In principle, yes, but there are a lot of mostly financial and economic problems.... It will also depend on whether some 200,000 [Croatian] refugees from Bosnia-Herzegovina will be allowed to return to their homes. Most of them are now occupying houses of Serbs, while those Serbs live in the Croats' houses in Bosanska Posavina.
Until that problem is resolved--and without financial means for reconstruction, without jobs--a principled political decision that all of them can return is not feasible....
Every national minority has its mother country to rely on. Mr. Pupovac, do you consider Serbia your mother country and are you developing relations with it?
To the extent to which Serbia exists as a state in which the Serbs are consolidated as a nation--yes, we do. However, the way things are right now, Serbia is in a state of flux and the Serbs are not consolidated as a nation. Therefore, we, the Serbs in Croatia, as a newly created national minority, have found ourselves in a situation similar to that of other minorities in Croatia--for example the [Bosnian Muslims].
We are waiting for our mother country to become consolidated, democratized, stabilized, and open to cooperation with the rest of the world. We do cooperate--and especially in recent times--with different opposition and independent circles in Serbia and in Montenegro. This is how we wish to help the normalization of relations between Croats and Serbs.
Today's Croatia does have many advantages [over some of its neighbors], and the average inhabitant of Serbia should be informed about that fact. For instance, he should know that Croatia found the strength to win the fight against itself, against its own weaknesses, in the January elections. Believe me, the Serbs in Serbia and in Yugoslavia, the citizens of Serbia, have no greater challenge at this moment than to fight against themselves, their own weaknesses.
We, the Serbs from Croatia, will be satisfied and happy when the government in Serbia becomes democratic and internationally recognized....
Mr. Tomac, do you find it normal that the Serbian community is developing relations with Serbia, no matter what regime is in power there?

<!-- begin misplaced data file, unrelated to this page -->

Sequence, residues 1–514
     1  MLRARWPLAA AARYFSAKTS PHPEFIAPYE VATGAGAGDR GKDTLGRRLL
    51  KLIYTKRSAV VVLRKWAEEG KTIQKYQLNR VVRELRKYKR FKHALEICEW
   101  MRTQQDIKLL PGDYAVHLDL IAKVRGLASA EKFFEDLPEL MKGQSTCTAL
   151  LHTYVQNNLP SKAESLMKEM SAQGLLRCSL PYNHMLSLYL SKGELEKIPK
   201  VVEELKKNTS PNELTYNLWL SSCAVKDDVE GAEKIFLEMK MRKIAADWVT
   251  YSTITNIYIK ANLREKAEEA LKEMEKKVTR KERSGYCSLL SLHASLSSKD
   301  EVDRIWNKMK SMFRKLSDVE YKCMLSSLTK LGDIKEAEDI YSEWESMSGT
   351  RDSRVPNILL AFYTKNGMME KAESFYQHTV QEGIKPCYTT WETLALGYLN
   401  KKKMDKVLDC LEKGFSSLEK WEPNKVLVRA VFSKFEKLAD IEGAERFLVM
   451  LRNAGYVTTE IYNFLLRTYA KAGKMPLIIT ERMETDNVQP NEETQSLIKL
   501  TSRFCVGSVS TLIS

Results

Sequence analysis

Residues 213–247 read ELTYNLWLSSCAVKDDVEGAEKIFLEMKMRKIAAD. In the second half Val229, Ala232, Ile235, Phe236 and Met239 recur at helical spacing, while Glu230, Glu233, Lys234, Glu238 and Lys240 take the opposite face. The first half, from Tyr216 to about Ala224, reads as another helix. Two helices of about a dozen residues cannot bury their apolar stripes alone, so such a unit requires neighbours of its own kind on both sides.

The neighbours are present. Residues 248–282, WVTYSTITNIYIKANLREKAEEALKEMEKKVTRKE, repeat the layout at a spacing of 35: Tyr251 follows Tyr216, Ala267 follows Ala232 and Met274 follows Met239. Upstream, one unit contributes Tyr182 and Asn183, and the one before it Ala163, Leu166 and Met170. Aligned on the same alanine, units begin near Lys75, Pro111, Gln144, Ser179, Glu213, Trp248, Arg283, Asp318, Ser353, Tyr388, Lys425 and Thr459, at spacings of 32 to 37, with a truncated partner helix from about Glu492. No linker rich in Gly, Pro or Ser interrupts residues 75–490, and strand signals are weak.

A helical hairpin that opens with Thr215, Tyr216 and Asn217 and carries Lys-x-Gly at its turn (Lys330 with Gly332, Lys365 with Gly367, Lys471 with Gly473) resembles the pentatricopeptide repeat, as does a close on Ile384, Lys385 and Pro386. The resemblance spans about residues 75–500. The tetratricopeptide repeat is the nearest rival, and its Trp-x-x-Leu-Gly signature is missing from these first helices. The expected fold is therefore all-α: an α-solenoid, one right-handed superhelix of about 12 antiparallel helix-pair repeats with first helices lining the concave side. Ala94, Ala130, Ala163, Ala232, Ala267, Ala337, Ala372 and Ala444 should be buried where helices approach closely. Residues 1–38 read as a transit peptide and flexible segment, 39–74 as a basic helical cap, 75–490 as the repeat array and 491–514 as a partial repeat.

That is a difficult question. I do not think that being linked to the Belgrade regime--which brought them into their present situation--is good for the Croatian Serbs, nor for the relations between the Serbs and the Croats in Croatia. That would only strengthen the nationalistic forces in Croatia.
And, as far as the opposition circles in Serbia are concerned?
Of course we are not against their ties with the democratic forces. I am just trying to be pragmatic and say that there will be no peace in the Balkans until Slobodan Milosevic's regime is gone. This is why any kind of ties with Serbia under his regime can only bode ill for those who have those ties.
I think that--as far as the return of the Serbs is concerned--the new government in Croatia is in a difficult psychological situation. Some Croats think that the greatest merit of Franjo Tudjman is the fact that during his reign, the number of the Serbs in Croatia was cut to a minimum. The Serbs therefore no longer represent a political force in the country. The leadership of the HDZ considered that the way to resolve the Serbian question in Croatia once and for all. The international community has, in effect, given to [the new Croatian government] the task of undoing what the previous government achieved, as far as the Serbs are concerned. I fear, Mr. Tomac, that the task is a very difficult one and that it will not be welcomed by the domestic public.
Our stand is very clear. We won the elections with a policy that was the complete opposite of the HDZ's. We were against what is called a "human resettling." We were against the concept of resolving the problem with some kind of a Serbian-Croatian agreement on [setting up] ethnically pure territories and the division of Bosnia. We have given up the idea of an ethnically pure state, and from the very beginning, we were for the concept of a multiethnic and multicultural society.